No strangers to experimentation, at Chalmers we are always excited by the prospect of new projects, but Bucketwine kind of happened by accident. In vintage 2012 myself and my Dutch winemaker husband Bart were at the Chalmers Heathcote vineyard managing harvest while my sister Tennille was working vintage at Kooyong helping to make the Chalmers and Montevecchio ranges of wines. Bart and I were staying in rustic accommodations at Colbinabbin, which lets just say is not the cultural and social centre of Victoria by any means, so just for fun in the evenings we decided to make a couple of small batches of wine. In buckets.
My taste in vino leans more toward the funky, textured and cheesy while Bart is generally into cleaner more pristine styles. So we did a couple of experiments. Bart made a negroamaro rosato with clean racked juice which was deliciously savoury but with pretty red fruit too. I made a trio of fiano from 2 parcels – one was made with whole berries from riper fruit out of our Heathcote site, the other from an early picked high acid parcel out of our Mildura vineyard. The wine was blended 50/50 too. So we ended up with a super phenolic, brownish wine with loads of texture but not much aroma and a tart pineapple, bright fluorescent yellow/green wine which was super zippy. The 50/50 blend was an absolute ripper. And then the idea was born.
Our Merbein vineyard houses the entire collection of Italian varieties we imported through Chalmers Nurseries in the 1990s, about 40 varieties and 70 different clones. What better place to have a play with more small batches? Bart and Tennille both worked full time on Bucketwine vintage 2013, making about 40 different ferments trialling harvest dates, winemaking techniques and new varieties. Some of these varieties had never even been made into wine in Australia before. One variety, Pavana, is that rare that even in it’s homeland in Italy its barely recognised.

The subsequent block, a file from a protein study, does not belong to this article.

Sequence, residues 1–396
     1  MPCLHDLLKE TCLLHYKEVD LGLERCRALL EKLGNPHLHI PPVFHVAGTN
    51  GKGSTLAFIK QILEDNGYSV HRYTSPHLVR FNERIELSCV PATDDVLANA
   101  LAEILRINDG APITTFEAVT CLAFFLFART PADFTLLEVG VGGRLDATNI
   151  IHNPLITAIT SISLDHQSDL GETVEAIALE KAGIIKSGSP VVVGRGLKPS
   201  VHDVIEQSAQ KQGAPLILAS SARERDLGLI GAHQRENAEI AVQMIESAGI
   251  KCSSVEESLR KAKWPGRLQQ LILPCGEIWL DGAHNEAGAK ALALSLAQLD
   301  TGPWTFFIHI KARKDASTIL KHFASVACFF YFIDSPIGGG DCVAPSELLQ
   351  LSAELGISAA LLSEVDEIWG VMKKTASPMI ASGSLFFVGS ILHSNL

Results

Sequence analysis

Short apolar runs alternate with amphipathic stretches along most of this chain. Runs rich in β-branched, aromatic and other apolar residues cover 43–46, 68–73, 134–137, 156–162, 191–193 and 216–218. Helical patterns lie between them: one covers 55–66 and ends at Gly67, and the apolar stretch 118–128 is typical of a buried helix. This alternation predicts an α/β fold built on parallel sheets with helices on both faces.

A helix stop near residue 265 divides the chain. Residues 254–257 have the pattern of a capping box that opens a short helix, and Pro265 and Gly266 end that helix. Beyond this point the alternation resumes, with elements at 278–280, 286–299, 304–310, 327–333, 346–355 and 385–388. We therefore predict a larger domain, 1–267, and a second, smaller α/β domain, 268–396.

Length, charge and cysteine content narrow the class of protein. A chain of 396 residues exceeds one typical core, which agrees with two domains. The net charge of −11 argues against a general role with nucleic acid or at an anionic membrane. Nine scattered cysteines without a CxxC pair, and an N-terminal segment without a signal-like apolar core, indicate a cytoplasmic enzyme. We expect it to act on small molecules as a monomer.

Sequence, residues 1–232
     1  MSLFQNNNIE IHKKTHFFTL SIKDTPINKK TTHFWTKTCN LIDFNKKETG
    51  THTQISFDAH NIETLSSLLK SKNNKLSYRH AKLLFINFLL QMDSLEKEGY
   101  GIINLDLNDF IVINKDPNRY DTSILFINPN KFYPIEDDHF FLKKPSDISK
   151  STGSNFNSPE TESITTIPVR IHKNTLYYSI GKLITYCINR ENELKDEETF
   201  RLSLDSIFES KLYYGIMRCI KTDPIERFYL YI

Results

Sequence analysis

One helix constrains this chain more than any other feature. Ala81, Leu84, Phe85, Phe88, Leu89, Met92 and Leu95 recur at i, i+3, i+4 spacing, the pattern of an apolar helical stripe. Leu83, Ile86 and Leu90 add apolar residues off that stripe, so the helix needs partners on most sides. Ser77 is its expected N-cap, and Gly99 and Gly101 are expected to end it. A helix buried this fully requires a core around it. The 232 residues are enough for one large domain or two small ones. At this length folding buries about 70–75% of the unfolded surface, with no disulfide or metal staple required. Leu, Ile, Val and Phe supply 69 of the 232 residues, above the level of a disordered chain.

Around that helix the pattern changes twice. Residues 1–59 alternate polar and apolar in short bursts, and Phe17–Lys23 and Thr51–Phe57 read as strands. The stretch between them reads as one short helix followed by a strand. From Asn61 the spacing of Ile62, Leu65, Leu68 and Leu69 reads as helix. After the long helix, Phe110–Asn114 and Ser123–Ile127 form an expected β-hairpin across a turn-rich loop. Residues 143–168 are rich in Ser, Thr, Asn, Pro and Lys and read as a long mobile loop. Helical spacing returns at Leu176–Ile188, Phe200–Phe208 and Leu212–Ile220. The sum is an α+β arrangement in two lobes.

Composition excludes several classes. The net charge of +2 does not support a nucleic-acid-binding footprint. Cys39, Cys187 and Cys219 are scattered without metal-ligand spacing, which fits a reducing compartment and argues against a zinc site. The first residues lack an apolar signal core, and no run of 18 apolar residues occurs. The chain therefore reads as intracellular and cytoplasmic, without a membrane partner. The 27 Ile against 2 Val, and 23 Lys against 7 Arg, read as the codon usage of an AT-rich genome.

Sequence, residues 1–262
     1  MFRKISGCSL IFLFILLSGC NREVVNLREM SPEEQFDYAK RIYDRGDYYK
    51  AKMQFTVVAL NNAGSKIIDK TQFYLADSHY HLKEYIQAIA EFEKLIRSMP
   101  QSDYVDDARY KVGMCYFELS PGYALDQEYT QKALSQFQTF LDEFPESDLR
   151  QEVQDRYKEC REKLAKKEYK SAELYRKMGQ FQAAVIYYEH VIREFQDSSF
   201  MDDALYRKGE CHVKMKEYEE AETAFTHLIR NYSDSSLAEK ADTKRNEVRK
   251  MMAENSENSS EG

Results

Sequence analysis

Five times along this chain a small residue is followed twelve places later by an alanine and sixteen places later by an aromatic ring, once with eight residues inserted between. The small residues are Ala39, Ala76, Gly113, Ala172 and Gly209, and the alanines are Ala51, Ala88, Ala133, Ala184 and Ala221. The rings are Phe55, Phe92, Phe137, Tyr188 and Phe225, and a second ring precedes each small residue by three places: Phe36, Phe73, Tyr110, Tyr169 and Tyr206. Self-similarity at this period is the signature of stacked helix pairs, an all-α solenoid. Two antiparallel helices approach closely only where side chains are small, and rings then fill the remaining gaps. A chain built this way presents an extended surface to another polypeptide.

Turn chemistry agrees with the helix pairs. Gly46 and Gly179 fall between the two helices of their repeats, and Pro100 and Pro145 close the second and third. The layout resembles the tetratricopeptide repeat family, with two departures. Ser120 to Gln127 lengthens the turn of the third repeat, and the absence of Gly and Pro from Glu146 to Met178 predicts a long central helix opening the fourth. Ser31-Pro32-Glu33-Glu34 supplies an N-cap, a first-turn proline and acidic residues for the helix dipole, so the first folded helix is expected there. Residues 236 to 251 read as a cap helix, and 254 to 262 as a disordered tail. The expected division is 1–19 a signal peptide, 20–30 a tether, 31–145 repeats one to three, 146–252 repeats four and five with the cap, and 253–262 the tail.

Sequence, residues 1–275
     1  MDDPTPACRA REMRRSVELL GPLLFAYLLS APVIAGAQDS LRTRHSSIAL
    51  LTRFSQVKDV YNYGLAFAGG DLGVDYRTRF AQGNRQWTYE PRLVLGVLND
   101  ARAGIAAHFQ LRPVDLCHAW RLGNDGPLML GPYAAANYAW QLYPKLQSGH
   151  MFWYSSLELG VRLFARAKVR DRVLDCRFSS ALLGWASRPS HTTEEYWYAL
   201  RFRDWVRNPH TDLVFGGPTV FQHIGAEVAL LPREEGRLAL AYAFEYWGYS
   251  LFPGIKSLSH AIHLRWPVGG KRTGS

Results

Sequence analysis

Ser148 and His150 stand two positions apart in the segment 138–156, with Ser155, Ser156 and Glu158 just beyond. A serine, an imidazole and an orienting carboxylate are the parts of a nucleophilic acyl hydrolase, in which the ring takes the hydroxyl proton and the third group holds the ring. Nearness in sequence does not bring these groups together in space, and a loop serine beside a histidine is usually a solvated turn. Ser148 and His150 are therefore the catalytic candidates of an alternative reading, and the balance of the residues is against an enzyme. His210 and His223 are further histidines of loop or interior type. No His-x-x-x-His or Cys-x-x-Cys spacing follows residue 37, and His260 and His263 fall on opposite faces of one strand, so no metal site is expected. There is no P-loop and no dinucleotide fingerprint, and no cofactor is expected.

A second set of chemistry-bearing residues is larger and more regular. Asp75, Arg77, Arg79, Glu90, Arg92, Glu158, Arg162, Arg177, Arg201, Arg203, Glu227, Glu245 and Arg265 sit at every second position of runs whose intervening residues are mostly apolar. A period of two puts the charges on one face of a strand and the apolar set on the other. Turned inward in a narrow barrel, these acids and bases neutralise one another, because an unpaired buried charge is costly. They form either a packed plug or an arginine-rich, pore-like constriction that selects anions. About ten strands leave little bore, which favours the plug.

Part of the aim of the bucketwine project was to see if we could make balanced, interesting and delicious wines without conventional winemaking tools. Vintage 2013 was done with nothing but a hydrometer to measure sugar levels, a bucket, sieve, funnel and a piece of hose. Grapes were harvested on flavour and winemaking decisions were made by smell and taste.
The finished wines were sold in a pop-up style tasting in Melbourne to a handful of invited wine bars, restaurants and retailers. The response was fantastic, the whole vintage sold out in just 17 minutes! Little red ‘SOLD’ stickers were going on the bottles quicker than we could keep up. Many comments on the day referred to the integrity of the wines, their honesty and trueness to variety. A great result for wines grown in a hot climate which is commonly thought to produce ripe, flabby wines.
Vintage 2014 is off to a flying start with about 35 ferments on the go already, although it is the most challenging vintage anyone can remember with variable spring conditions at flowering/fruit set and massive heat waves in Jan/Feb. Can’t wait to see how the bucketwines fare this year.